Tempo can also be modulated just as you can modulate to a different tonality. That can be achieved by simply performing a given musical passage in a faster or slower tempo, or even gradually change the tempo (Ritardando or Accelerando). This is called a metric modulation, because tempo is altered in the course of the music.
But a given musical passage can be perceived as being played slower or faster even when the tempo doesn’t actually change, as if it was an illusion giving you the impression that there was a shift to a new tempo. Basically, one way of doing it, is to introduce a different rhythmic subdivision that contrasts with the one you were using before – this is called an Implied Metric Modulation.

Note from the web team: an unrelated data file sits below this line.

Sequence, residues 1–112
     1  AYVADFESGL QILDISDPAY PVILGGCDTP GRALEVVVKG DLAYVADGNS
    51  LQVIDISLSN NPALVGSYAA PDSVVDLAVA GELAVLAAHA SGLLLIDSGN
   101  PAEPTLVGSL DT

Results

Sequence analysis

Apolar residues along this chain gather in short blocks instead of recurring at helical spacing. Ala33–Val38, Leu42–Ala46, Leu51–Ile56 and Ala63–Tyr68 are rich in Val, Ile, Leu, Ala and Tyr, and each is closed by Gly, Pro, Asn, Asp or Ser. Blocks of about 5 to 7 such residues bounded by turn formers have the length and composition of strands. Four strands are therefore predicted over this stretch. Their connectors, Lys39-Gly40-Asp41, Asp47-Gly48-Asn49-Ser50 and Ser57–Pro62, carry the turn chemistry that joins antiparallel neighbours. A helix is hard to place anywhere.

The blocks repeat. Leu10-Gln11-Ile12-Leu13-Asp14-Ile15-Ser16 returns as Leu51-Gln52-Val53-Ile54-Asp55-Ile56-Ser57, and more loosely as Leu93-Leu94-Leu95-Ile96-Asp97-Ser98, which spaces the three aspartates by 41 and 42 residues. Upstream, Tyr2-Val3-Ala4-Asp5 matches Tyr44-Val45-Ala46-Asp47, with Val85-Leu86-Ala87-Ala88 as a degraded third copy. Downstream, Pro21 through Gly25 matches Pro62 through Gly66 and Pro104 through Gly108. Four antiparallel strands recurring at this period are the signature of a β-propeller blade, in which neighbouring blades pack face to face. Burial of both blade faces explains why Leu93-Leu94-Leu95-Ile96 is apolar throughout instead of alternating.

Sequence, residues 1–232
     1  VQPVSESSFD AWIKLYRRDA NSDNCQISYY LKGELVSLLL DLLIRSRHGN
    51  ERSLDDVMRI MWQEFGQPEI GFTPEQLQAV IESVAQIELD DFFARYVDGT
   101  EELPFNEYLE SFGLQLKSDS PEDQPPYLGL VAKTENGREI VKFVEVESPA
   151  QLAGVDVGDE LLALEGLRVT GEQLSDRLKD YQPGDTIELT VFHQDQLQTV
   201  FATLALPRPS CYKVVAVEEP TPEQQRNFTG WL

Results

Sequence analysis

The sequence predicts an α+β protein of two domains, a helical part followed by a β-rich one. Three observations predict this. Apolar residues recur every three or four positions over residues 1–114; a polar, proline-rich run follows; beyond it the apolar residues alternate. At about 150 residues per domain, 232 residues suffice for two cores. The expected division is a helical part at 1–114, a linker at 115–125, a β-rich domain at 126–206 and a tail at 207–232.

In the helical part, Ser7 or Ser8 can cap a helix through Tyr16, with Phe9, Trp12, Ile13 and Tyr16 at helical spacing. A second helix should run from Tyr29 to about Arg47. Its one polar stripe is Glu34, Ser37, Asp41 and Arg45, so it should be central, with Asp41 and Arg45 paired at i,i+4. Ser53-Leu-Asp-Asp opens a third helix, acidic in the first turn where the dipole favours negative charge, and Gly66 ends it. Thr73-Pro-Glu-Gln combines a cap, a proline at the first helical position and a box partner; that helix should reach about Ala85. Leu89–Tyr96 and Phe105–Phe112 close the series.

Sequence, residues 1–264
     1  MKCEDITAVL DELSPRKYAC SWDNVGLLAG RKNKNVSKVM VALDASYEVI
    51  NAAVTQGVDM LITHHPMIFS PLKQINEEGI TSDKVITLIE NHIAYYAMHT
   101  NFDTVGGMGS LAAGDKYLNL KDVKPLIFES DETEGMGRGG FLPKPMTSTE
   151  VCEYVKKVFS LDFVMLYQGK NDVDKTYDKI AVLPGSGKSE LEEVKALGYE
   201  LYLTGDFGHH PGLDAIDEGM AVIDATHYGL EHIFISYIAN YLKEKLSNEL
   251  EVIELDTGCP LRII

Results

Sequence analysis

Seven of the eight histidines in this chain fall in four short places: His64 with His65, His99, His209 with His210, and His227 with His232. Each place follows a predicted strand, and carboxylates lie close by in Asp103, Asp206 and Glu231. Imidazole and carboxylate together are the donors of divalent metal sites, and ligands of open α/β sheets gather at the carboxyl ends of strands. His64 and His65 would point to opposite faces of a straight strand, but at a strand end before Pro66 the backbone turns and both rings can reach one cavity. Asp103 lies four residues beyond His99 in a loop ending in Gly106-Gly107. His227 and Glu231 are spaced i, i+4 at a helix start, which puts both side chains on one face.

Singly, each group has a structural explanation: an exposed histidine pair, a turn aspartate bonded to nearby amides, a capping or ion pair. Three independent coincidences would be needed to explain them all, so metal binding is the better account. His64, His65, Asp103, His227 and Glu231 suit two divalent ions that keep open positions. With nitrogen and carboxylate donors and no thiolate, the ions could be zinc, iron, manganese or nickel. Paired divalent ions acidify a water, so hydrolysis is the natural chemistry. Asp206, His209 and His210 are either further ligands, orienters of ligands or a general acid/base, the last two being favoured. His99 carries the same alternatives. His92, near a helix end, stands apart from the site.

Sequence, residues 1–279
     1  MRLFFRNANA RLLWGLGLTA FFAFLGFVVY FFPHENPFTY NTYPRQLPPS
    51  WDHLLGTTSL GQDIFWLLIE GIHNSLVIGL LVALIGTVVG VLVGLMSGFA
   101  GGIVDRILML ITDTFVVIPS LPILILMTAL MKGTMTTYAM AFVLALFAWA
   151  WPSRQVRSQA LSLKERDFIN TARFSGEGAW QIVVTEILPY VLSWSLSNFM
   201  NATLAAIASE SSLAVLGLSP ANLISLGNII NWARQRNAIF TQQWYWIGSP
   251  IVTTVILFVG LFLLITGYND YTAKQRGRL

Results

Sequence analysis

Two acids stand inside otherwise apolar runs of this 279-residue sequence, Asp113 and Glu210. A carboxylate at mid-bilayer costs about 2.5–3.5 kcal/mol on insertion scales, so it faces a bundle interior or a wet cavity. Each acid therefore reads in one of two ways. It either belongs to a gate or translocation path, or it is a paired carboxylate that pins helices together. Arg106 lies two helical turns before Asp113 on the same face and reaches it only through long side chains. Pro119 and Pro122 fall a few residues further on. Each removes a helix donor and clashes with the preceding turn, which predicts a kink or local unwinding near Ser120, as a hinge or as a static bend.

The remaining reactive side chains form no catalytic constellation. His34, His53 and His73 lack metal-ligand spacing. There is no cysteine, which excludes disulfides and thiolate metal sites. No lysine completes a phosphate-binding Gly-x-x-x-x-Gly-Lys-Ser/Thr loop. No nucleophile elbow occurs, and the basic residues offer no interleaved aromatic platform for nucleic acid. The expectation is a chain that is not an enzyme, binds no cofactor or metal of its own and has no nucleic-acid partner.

You can shift the natural, or expected accents, of rhythmic figures groups to give the impression of a metric modulation. In the example below, you will feel the contrast from shifting between sixteenth notes and eight note triplets with a shifted accent:
In this example we are changing the accent of eight note triplets to every 4 notes, instead of every 3 while maintaining the same basic rhythm
Implied metric modulations can also be achieved by playing polyrhythms and this device can be used as a way of capturing the attention of listeners, adding variety or preparing a modulation to a new tempo:
Here we are using a 5:4 polyrhythm to give the impression of speeding up the tempo – kick and snare in quintuplet subdivision and hi-hats on a four note per beat subdivision
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